From the Ask Tom mailbag –
Sometimes, identifying level of work seems elusive. I try to look at the timespan of the task, but sometimes, my intuition just seems off.
The biggest mistake most companies make is underestimating the timespan associated with a role. In addition to timespan, there are other clues that can help us with level of work.
Examine the task. The first clue to level of work is the timespan of the task. Here are the two questions. When does it start? When does it end? When we imagine a task, sometimes we focus on the middle without truly defining the start and end of the task.
While a craft trade (S-I) might look at a task as a one-day project, the supervisor (S-II) may be concerned about the permit inspection in two weeks. The manager (S-III) may be concerned with the system in which the project was completed, accountable for a one-year warranty that accompanies the work product. The VP of Quality Control (S-IV) may be accountable beyond the warranty to multi-year statutes related to defects. For the role, when does the project start, when does the project end?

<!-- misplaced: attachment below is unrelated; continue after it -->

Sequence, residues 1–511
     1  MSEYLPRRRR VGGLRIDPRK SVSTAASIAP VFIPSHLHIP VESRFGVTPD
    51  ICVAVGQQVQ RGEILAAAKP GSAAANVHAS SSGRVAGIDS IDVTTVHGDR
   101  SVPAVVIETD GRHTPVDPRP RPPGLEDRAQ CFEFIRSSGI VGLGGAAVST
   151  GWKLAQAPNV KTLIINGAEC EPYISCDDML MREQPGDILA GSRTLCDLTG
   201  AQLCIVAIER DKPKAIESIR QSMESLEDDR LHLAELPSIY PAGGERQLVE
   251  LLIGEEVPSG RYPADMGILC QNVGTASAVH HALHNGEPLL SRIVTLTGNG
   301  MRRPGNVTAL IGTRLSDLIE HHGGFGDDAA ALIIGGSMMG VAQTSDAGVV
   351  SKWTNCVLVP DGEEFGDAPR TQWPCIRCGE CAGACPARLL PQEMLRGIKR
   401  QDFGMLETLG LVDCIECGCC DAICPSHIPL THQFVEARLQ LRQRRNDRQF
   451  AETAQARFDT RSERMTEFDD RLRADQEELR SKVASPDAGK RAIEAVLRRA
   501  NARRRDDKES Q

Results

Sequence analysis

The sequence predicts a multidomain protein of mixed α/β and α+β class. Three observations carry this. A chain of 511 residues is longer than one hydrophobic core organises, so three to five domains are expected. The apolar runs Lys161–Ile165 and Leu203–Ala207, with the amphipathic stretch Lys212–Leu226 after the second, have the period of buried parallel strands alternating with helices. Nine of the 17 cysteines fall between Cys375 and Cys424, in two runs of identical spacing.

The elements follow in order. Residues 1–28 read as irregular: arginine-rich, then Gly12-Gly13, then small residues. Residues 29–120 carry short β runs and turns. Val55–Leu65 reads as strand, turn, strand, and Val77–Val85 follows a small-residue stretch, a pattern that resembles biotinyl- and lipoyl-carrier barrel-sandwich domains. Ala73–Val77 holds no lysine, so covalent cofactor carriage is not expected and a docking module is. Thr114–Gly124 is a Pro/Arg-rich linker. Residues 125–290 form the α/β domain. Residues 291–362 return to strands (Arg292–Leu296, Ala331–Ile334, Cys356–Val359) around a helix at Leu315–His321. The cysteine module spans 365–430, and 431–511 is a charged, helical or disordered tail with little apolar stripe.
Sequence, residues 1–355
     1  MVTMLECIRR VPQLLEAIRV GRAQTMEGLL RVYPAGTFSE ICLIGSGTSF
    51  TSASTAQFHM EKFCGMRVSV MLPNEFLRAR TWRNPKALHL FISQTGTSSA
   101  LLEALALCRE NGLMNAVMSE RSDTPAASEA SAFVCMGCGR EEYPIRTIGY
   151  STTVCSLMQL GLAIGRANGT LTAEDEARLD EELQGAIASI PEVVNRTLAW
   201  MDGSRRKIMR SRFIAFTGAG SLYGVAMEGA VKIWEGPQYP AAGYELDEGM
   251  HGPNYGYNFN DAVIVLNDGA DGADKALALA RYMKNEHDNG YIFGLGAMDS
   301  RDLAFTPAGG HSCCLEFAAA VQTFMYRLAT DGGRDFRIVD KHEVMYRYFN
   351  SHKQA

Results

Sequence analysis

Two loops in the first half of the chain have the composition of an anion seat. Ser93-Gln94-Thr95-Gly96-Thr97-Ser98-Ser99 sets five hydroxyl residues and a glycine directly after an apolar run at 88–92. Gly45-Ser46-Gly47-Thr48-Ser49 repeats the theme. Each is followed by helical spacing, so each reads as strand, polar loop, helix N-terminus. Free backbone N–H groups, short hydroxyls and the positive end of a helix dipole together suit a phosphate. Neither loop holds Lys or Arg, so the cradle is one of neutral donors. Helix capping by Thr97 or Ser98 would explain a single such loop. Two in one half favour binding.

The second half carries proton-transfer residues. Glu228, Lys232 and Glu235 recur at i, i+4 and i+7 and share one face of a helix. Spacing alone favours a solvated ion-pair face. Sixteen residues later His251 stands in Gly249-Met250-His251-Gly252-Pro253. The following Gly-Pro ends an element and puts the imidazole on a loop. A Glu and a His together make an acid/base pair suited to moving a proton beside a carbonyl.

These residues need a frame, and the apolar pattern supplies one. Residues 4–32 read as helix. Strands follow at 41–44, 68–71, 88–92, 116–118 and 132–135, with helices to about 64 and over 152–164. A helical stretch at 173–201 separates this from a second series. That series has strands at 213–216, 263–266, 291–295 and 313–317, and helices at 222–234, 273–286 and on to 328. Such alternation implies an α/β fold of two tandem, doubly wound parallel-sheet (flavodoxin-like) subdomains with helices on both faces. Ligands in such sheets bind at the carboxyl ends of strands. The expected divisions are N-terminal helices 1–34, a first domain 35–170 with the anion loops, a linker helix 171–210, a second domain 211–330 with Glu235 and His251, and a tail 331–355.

Examine the tools. A craft trade (S-I) generally uses real tools, machinery, equipment. The supervisor (S-II) will use schedules, checklists and meetings. The manager (S-III) will use flowcharts, sequence and planning. The VP (S-IV) will use multi-project Gant charts.
Examine the problem solving. A craft trade (S-I) may make good use of trial and error problem solving. The supervisor (S-II) may rely on documented experience like SOPs and best practices. The manager (S-III) may employ root cause analysis. The VP (S-IV) has to look at multiple systems simultaneously, systems analysis.
All of these are clues. With the work defined, the next question, is the team member effective in the work?